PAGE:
Okoboji Institute Will Test Development Strategy
The joint endeavor is a cooperative effort of the State Board of Regents, the Iowa Department of Economic Development (IDED), the Pappajohn Entrepreneurial Centers at the University of Iowa, Iowa State University, and University of Northern Iowa, and the Iowa Lakes Corridor Development Corporation.
Twenty-four students from the state universities will participate in advanced study of entrepreneurship, seminars with entrepreneurs and business and community leaders, networking and mentoring to enhance their understanding of entrepreneurship opportunities in Iowa.
"We see the Okoboji Institute as a test of economic gardening strategies for entrepreneurial development throughout the state. Plant the seeds, cultivate gardens of opportunity and raise a new crop of businesses," said Gov. Tom Vilsack at a news conference Tuesday in Des Moines.
"The strategy is to develop nurturing places for entrepreneurs within regional business communities, introduce students to the quality of life throughout Iowa and help them succeed with new business ideas as they emerge from the state's entrepreneurial training centers," Vilsack added.
"Okoboji Entrepreneurial Institute is another example of how engaged Regent universities are in strengthening the state's economic future through outreach, distance learning, research and technology transfer," said Regents member Tom Bedell of Spirit Lake. "The Lakeside Lab, which is operated as a biological field station by the three universities, will provide a really creative atmosphere to develop business ideas."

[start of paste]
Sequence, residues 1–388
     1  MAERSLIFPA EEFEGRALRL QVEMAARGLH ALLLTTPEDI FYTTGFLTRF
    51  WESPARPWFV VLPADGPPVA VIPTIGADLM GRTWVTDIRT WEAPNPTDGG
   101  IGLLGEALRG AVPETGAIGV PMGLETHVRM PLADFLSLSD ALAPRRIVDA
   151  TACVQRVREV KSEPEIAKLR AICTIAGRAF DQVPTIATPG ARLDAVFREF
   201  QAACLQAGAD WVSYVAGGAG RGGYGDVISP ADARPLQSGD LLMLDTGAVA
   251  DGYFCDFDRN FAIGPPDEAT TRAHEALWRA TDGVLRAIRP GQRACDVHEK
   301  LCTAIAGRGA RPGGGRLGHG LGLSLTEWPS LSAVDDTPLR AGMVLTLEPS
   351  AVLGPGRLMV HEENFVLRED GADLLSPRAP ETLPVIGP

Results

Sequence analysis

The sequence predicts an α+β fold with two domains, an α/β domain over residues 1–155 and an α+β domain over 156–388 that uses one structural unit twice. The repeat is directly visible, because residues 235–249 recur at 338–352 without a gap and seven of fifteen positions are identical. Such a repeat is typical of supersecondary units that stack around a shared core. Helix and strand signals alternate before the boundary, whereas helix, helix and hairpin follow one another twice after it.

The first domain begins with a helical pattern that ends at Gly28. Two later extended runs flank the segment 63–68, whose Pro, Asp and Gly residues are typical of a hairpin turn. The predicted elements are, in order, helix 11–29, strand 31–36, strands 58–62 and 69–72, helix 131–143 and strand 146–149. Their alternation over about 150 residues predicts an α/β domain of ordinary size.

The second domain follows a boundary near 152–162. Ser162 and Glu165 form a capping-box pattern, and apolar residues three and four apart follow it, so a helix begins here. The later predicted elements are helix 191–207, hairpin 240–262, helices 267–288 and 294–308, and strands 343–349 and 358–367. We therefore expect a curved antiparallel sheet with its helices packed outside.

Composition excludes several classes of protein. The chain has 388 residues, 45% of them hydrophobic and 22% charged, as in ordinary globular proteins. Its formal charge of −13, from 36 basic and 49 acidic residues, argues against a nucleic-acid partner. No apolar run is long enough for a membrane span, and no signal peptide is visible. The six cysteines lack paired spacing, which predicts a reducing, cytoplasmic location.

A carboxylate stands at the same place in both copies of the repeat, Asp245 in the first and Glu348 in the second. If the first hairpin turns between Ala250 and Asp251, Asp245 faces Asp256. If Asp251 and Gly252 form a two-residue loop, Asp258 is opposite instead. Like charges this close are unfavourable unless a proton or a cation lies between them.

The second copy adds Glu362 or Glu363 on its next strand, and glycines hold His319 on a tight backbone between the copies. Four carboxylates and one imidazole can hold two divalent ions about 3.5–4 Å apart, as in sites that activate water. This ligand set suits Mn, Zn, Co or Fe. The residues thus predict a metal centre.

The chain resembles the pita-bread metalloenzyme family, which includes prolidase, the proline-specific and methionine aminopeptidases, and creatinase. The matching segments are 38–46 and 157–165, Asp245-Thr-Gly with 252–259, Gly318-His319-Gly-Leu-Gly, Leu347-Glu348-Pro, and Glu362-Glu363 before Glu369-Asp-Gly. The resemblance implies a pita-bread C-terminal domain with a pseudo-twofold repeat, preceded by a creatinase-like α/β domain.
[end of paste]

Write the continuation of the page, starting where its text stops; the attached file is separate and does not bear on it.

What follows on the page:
At the Institute, 24 budding entrepreneurs -- eight each from the University of Northern Iowa, Iowa State University, and the University of Iowa -- will work in teams on a computer-based simulation that incorporates the creation and operation of a new business and a fundraising round where teams must present plans to community volunteer venture capitalists to acquire capital for their simulated companies.
Iowa Department of Economic Development director Mary Lawyer explained that when Bedell was named to the Board of Regents, "He was on a mission to bring the board of regents closer to rural Iowa and especially western Iowa."
According to Spencer businessman Toby Shine, the institute will expand each year with more students and more locations. Next year, he said, he expects to double the number of participants.
Bedell said the funding for the OEI is coming from individuals, groups and businesses that have already contributed about $20,000. He said he is still seeking $1,000 contributions for scholarships that he expects will total $50,000 to bring the 24 students to the area for a week.
Iowa Great Lakes area residents will open their homes to host the students during the event, providing students with a full quality-of-life experience.
The Institute is part of an Entrepreneurial Initiative of the four counties that make up the Iowa Lakes Corridor Development Corporation: Clay, Dickinson, Emmet, and Buena Vista.